Paul Keene: “Among the Jimson Weeds” (Running Nowhere Series – Book 1)
Paul Keene talks about the novel writing process and Conor Kelman – his protagonist in “Among the Jimson Weeds“.
Question 1 – What inspired you to write this book?
Answer: During my teaching career, I worked with students who were gifted in many areas but had difficulty fitting in. The students learned differently and rebelled at traditional teaching methods which created trouble for them at home and school. Their stories needed to be told.
Question 2 – Do you have firsthand experience with the book’s setting?
Answer: The book’s setting gave it authenticity, making it stronger. I wanted Conor to know the surroundings, therefore, I placed him in the farming community and small rural school familiar to me. It was fun experiencing the setting where I was born and raised through the eyes of Conor.
Question 3 – Who was your favorite character to write? Is this character based upon a real person?
Answer: Conor Kelman won my heart. But he was a handful to manage. I must admit, he kept me up many nights, insisting on taking me down paths of the story that weren’t planned.
Question 4 – Describe your writing process.
Answer: I write character-driven fiction and I start with identifying the main character. Regardless of the character’s flaws and weaknesses, an underlying strength must be present. I’m compelled to know everything about the protagonist–within and without, emotional and physical–the full-monty. The plot is important, by all means. I begin with Point A (problem) that leads to the final Point (outcome), inserting key markers that keep the story moving. This is similar to marking the route of a planned trip on a road map. I allow plenty of side trips that take me off the highway, but I always get back. As I write, I fine-tune the outline. *I use Scrivener, and it works great for my method of writing. 1. I write the first draft with speed and a rule to not look back. 2. Save a copy of the first draft, and get out the scissors. 3. Rewrite (Save copy) 4. (Let it rest) 5. Read from beginning to end, noting cuts and changes (Save copy). 6. Edit/Revise (Save) 7. (Let it rest) 8. Read aloud, note edits /revisions 9.Edit 10. Beta readers 11. Final edit/ Let it rest/ Publish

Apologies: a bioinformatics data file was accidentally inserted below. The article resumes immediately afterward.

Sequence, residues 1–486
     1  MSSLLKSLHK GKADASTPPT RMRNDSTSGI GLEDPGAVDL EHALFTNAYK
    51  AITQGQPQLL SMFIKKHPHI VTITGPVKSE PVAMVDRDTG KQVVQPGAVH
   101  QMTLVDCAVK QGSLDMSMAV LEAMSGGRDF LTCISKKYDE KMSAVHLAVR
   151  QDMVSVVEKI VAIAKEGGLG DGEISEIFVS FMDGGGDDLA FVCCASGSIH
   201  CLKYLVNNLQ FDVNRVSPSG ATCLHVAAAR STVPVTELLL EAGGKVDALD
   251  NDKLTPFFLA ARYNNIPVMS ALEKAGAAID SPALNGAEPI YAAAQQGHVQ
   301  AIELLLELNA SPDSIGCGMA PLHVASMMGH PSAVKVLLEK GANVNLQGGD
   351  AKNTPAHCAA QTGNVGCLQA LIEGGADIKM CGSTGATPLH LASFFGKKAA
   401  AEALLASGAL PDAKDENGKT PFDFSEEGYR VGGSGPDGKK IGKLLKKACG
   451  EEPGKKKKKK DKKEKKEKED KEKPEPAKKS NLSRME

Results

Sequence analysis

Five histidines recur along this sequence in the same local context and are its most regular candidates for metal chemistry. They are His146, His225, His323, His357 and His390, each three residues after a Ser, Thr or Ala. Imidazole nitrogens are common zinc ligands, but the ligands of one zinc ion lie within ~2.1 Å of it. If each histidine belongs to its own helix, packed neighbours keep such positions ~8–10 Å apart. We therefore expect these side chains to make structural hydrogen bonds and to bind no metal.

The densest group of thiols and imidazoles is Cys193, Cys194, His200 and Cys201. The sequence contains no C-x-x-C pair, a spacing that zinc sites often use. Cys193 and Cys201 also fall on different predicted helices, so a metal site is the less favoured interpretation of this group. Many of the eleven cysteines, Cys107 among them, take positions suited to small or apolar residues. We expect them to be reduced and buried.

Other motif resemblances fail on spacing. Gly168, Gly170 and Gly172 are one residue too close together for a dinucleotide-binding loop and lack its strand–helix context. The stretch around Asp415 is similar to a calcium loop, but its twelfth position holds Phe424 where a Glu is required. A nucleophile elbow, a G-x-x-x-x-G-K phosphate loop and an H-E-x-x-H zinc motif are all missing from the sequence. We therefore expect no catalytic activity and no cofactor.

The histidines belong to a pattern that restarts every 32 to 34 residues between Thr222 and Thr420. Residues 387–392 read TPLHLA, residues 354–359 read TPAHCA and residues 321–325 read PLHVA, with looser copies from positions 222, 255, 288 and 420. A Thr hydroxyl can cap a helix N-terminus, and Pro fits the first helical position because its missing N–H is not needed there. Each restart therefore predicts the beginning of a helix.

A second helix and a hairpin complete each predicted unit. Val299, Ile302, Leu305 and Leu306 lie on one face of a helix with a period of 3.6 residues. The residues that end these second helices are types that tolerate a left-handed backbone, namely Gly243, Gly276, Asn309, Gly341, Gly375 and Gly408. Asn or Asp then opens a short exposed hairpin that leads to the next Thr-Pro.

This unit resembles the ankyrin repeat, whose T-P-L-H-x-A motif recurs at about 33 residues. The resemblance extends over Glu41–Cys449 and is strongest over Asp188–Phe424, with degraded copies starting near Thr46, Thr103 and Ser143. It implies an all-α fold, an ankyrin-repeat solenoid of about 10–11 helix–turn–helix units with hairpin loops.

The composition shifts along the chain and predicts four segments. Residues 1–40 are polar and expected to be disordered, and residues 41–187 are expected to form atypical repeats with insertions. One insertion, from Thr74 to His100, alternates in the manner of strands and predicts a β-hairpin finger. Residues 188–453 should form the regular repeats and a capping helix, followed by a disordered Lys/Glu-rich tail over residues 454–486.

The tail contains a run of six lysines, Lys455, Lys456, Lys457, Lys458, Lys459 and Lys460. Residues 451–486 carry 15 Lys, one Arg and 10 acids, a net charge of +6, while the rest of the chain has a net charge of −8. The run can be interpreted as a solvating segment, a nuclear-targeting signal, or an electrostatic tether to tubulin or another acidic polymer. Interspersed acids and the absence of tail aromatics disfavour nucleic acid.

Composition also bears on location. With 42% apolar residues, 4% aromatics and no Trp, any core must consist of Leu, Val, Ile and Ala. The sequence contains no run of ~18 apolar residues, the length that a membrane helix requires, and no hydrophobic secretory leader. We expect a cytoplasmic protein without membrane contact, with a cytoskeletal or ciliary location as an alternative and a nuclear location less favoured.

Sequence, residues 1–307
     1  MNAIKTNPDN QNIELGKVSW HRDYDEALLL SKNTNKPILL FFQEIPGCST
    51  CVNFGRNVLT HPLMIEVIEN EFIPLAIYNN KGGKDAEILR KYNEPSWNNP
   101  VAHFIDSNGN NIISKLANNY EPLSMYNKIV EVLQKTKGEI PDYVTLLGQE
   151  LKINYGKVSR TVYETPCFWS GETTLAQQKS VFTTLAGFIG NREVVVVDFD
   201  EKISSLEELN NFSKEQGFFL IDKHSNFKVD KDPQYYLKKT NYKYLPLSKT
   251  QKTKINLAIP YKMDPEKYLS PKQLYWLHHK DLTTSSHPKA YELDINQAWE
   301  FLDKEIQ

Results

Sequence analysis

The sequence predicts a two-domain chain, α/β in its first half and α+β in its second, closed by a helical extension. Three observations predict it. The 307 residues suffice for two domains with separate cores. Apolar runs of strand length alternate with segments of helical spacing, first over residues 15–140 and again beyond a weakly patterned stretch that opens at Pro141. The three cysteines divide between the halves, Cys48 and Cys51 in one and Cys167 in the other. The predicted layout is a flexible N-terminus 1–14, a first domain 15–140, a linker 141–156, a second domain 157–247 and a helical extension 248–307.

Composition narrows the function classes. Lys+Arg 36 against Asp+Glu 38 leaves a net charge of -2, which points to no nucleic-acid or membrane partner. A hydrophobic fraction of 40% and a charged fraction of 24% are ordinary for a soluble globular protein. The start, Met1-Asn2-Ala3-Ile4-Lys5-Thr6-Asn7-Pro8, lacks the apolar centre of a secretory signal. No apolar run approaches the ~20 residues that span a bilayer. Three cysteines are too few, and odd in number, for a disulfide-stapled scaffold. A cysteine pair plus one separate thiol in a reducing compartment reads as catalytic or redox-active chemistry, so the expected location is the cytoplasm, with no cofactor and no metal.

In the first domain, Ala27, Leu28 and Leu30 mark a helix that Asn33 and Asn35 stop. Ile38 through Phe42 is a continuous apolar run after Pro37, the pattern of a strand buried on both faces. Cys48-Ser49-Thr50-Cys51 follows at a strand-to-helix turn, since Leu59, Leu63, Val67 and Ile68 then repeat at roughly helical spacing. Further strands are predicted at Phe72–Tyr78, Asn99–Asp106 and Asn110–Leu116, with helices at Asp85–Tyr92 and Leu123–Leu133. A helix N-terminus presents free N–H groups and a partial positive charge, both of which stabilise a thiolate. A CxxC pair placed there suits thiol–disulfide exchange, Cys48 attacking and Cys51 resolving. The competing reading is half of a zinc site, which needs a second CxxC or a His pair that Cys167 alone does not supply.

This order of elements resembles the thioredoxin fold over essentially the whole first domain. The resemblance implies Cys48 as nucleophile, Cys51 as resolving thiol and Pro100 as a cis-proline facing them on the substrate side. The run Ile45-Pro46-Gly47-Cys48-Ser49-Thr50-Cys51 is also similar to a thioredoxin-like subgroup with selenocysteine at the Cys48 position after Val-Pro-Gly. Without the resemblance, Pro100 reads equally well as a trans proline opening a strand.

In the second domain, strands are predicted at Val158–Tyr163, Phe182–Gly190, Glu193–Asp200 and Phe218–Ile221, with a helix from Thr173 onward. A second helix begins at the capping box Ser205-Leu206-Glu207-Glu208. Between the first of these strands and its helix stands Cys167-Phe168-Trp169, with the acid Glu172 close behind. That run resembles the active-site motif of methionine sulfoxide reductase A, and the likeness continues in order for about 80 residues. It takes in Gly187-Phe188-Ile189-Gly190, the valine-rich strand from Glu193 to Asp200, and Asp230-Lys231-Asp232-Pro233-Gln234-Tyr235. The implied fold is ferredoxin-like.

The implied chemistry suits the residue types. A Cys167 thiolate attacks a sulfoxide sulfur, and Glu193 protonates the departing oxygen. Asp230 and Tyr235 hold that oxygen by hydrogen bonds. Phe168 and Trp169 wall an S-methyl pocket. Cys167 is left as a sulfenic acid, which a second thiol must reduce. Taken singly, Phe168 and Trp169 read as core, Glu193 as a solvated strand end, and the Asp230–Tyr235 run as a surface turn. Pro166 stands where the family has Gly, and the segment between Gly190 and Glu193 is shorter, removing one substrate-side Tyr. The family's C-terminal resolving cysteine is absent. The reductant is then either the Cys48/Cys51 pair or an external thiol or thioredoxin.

Question 5 – Which aspect of the book did you find most difficult to write? How did you overcome it?
Answer: I’m afraid I have some of Conor’s obsessive-compulsiveness. Allowing the book to rest is difficult for me. I want to keep working it, over and over again. The problem with doing this is either falling in love with every written word, or the desire to dump the manuscript into the trash. Fresh eyes are needed. The answer for me is to put it to bed and keep writing. I go to the next book in the hopper. Research, character study, plot mapping…I choose one and get to work.
Question 6 – How did you go about researching and organizing your book?
Answer: List making works for me. I do this with paper and pencil, jotting down topics in need of research. I organize my books into a 3-act play. I list scenes under the appropriate act. Ordering the scenes can follow. Keep in mind that nothing is permanent and that scenes can be moved around at the click of a key.
Question 7 – What made you want to become an author?
Answer: Many writers say they were born to write. I believe this is true of writers, lawyers, doctors, racecar drivers, teachers, ranchers, and all that do what they love. It’s just that sometimes we put our dreams on hold due to necessity or circumstance. As a child, I remember lying on the floor writing stories on grocery bags. I was fortunate to have teachers who introduced good books to me. The love of reading and writing has continued throughout my life.
Question 8 – What advice do you have for aspiring authors?
Answer: Writing isn’t easy. It takes discipline and serious work. Write daily and you will find your voice. Write for yourself, not to make money, but for the story inside of you that needs telling. Read. Include genres other than the one you write. Avoid jealousy and envy, but celebrate the success of writers who make the best seller list. You could be next!